October 03, 2018

Too Young to Escape: A Vietnamese Girl Waits to be Reunited with her Family

Written by Van Ho with Marsha Forchuk Skrypuch
Pajama Press
152 pp.
Ages 8-12
November 2018

When Marsha Forchuk Skrypuch co-wrote Adrift at Sea: A Vietnamese Boy's Story of Survival with Tuan Ho, she began a family's story of escape from Vietnam in the aftermath of the Vietnam War and taking of power by the communists. In that picture book, illustrated by Brian Deines, a mother and her two daughters, Loan and Lan, and six-year-old son Tuan escape Vietnam by boat, hopeful of joining father and the eldest daughter Linh in Canada. But there was another story. Because four-year-old Van is left behind.  Too Young to Escape is her story.

In May of 1981, four-year-old Van awakens at 5 a.m. in Ho Chi Minh City, Vietnam, to find her mother, older sisters Loan and Lan, and her six-year-old brother Tuan gone. Though it is unusual for Tuan to go with the women to do their early morning work, Van is distracted by her own chores. As guests of their aunt and uncle, Dì and Bác, since her own family lost everything when the communists took over, Van's pre-school work includes cleaning the house and spinning yarn for a weaver to later make the rice sacks Dì and Bác sold. But when her siblings don't show up to school, Van learns from her grandmother, Bà Ngoại, that her mother and siblings are gone. Van is devastated, wondering why she wasn't good enough to go with them, but Bà Ngoại reassures her that they've gone on a dangerous journey and Van's respiratory issues–she has difficulty breathing and often has to clear phlegm from her lungs–would have made it even more hazardous for her and the family.
Sometimes there are no perfect solutions. (pg. 31)
So begins a difficult chapter in little Van's life, slaving away at her aunt and uncle's home, tormented by a policeman's son at school, and feeling the loss of her family, particularly her mother who, she'd thought, should have been there to protect her. Still her Bà Ngoại, though seemingly insensitive to Van's struggles, tries to help Van understand.
Be thankful for what you do have, little one, instead of fretting about what you don't have. (pg. 64)
And Van learns to become "an expert at hiding my sadness" (pg. 67). Finally, they get a heartfelt letter and package from Saskatoon where her parents and four siblings have reunited. Along with some gifts, including clothes that growing Van desperately needs, Van learns that that her parents have submitted applications to bring Van and Bà Ngoại to join them.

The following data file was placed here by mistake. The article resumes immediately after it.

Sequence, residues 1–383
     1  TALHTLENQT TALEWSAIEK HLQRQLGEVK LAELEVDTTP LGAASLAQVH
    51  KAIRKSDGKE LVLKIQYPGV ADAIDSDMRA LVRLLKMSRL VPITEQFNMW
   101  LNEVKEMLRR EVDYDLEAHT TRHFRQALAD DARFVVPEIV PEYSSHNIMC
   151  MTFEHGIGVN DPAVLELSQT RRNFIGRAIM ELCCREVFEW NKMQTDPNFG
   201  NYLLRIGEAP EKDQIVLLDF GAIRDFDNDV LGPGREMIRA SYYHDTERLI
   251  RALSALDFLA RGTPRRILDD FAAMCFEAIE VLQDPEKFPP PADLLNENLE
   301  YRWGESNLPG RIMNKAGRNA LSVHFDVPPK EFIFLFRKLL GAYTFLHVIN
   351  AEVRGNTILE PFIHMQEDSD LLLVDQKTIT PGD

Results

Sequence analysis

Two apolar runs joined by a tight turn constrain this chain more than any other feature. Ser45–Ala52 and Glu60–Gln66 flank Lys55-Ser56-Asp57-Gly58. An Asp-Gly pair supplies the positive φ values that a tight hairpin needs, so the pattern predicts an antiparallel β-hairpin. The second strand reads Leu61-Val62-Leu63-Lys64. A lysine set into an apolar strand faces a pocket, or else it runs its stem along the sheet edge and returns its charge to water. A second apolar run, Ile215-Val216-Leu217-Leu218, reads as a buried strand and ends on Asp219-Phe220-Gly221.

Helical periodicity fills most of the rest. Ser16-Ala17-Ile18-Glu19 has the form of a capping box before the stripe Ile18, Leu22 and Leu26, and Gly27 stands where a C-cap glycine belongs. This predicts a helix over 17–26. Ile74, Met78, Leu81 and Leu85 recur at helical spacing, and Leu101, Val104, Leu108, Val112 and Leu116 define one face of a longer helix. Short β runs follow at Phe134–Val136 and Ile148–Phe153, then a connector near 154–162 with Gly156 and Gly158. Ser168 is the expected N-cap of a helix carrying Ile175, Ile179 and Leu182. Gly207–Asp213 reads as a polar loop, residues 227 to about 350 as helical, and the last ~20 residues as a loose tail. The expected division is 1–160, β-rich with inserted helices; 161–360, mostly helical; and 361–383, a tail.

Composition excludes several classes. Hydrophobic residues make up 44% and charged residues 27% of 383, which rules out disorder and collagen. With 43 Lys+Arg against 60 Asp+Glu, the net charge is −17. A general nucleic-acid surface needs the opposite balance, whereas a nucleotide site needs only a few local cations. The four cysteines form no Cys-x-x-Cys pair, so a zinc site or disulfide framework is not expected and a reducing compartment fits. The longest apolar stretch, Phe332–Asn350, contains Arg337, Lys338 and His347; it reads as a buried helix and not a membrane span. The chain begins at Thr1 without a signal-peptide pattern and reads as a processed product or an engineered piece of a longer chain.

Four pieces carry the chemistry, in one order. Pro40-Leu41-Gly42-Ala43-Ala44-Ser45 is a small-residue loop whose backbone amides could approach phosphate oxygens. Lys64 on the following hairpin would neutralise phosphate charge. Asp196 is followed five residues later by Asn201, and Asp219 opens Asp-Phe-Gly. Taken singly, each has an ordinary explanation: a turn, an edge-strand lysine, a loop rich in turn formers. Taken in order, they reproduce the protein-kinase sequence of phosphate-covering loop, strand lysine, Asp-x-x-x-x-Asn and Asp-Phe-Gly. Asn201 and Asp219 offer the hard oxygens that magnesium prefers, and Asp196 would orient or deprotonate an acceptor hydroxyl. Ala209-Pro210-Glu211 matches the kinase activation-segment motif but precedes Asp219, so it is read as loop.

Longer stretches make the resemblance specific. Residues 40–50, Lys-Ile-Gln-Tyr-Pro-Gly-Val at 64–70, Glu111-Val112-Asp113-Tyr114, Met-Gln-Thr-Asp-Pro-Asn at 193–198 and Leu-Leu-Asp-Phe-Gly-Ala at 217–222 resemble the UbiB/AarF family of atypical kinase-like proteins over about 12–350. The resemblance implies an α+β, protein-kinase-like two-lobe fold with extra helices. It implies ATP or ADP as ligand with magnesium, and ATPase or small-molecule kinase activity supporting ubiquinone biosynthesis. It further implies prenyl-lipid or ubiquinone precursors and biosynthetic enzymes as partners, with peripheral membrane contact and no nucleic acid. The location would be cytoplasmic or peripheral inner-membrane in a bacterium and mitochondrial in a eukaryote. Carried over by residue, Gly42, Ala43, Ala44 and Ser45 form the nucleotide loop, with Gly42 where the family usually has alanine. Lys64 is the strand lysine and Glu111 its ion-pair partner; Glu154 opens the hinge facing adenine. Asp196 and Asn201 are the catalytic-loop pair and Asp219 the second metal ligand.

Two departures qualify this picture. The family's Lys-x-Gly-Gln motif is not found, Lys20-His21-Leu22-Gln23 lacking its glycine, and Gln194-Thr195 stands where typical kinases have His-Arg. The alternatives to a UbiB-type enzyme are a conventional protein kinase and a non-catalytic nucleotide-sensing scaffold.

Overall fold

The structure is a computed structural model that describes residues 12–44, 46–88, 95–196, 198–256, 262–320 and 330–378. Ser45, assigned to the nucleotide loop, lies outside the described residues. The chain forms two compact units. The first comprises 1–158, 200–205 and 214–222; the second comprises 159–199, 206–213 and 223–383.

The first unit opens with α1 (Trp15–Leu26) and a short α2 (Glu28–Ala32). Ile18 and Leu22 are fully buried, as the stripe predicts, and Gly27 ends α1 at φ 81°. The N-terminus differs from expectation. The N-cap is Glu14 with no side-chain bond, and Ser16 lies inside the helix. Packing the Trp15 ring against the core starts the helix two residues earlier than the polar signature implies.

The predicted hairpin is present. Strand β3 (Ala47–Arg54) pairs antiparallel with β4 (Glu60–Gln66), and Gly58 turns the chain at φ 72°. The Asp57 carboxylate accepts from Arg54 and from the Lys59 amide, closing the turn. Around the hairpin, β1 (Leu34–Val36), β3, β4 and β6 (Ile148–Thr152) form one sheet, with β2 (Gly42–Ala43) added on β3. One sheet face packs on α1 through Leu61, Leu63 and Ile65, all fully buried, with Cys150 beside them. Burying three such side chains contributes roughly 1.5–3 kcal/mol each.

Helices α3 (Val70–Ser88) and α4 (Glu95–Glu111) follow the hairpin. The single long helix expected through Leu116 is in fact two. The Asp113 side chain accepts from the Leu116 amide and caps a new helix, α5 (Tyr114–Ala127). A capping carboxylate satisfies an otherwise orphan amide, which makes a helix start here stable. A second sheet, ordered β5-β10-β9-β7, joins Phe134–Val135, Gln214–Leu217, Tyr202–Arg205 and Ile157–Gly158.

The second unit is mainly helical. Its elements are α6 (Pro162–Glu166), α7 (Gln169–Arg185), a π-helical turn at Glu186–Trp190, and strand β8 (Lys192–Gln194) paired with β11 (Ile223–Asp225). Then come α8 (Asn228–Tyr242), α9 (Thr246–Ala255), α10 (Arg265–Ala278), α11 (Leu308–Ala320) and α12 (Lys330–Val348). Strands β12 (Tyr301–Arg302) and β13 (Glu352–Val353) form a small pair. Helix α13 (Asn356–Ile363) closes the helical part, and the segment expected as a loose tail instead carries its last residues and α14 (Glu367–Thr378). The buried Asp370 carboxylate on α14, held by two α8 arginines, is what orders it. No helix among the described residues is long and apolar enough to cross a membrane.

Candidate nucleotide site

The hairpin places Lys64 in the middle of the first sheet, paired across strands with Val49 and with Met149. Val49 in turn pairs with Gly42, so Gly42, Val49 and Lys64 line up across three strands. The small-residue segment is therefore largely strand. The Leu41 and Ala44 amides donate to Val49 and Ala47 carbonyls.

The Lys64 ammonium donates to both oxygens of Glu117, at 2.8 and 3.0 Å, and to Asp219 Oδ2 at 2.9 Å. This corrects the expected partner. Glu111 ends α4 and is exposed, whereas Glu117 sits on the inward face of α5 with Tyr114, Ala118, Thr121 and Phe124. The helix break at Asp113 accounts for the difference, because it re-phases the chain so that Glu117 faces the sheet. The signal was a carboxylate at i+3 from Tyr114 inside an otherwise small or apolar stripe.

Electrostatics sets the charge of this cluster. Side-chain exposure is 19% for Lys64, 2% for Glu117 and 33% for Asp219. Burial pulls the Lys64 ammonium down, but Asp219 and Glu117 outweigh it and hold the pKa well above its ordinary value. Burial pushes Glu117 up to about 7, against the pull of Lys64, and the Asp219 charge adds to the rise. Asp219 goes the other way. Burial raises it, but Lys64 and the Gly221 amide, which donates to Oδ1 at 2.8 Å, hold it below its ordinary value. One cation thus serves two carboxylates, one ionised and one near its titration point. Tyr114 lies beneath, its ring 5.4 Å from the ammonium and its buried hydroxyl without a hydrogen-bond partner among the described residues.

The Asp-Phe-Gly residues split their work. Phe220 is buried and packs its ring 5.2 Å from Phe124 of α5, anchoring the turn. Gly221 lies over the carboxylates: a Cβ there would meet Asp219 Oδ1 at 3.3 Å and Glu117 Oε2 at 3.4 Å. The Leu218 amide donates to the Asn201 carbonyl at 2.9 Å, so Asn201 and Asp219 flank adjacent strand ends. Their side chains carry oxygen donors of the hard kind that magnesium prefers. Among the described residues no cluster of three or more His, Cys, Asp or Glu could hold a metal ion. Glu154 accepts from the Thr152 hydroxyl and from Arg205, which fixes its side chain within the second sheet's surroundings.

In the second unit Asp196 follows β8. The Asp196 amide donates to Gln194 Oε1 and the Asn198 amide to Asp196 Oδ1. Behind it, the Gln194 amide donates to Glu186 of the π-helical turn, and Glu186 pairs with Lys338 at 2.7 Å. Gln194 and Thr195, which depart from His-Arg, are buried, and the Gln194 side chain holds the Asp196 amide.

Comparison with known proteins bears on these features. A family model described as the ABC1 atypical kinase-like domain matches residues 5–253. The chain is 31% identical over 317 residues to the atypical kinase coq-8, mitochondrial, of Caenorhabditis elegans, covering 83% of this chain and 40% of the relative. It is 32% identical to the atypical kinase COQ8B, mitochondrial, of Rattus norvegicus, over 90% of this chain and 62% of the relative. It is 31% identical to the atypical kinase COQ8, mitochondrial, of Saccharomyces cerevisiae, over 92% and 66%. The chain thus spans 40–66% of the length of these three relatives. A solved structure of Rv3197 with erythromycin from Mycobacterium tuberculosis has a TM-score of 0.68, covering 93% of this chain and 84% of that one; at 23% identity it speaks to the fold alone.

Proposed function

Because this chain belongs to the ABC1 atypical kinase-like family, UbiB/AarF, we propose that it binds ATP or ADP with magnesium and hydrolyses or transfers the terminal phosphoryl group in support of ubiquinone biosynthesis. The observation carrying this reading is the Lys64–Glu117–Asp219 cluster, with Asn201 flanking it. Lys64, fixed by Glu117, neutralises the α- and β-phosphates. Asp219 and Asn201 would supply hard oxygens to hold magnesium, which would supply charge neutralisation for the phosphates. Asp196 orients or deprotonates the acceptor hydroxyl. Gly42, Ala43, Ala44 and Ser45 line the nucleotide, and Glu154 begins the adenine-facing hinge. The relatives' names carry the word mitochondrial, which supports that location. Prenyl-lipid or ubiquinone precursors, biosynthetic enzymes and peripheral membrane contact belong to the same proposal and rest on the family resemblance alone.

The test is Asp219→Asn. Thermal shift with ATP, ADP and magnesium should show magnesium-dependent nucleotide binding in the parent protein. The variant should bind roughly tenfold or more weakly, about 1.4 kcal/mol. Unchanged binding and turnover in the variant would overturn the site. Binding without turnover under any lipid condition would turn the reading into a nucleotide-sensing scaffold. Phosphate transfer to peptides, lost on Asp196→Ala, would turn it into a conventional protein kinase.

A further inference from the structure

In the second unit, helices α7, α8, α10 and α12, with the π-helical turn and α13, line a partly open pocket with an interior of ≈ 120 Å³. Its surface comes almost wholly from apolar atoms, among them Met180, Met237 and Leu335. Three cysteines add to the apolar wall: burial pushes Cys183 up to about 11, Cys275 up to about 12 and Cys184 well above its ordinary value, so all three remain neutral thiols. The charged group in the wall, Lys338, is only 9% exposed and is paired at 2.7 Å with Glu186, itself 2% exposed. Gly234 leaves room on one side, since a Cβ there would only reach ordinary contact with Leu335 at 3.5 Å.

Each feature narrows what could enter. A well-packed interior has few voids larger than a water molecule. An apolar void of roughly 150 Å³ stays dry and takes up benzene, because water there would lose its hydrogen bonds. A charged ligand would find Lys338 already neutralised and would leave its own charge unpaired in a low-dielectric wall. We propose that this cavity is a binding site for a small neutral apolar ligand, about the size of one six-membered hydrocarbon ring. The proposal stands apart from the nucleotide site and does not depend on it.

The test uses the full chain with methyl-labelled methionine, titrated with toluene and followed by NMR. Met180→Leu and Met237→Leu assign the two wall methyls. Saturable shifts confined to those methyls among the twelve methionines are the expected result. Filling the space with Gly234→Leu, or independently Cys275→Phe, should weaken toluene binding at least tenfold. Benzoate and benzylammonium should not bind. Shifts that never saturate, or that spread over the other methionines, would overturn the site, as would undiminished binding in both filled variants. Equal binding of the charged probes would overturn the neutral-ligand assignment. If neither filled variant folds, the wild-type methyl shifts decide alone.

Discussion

It takes over four years before Van and her grandmother are reunited with her family in Canada, a family that "was like a storybook family" (pg. 87), and, though her life in Vietnam is difficult, it is a life with which she is familiar and leaving it is difficult.

Van Ho, who lived this story, tells it through Marsha Forchuk Skrypuch's pen of extraordinary writing which reflects both Van's youthful point of view and her trauma. Her story is a disquieting but it's also uplifting, focusing on Van's resilience.  Told from her perspective, from Van explaining away her family's absence before she learns the reason to her obligation to completing chores many of our culture might deem inappropriate for one so young to finding a friend in a girl less fortunate than herself, Van's story of being left behind is heartbreaking.

Enhancing Van Ho's story with photographs and interviews with her father, Nam Ho, and mother, Phuoc Ho, Too Young to Escape gives a snapshot of a different time and place, one of upheaval and loss, perseverance and endurance, that ends with a reunion and a good life in Canada. It is a story of survival, even if Van Ho was Too Young to Escape.


  1. Thank you,Helen, for this awesome review.

  2. It appears that once again, Marsha has penned a thought provoking story. A great review.

    1. She certainly has. Whether it's fiction or non-fiction, picture book or novel or biographic narrative, Marsha Forchuk Skrypuch consistently delivers.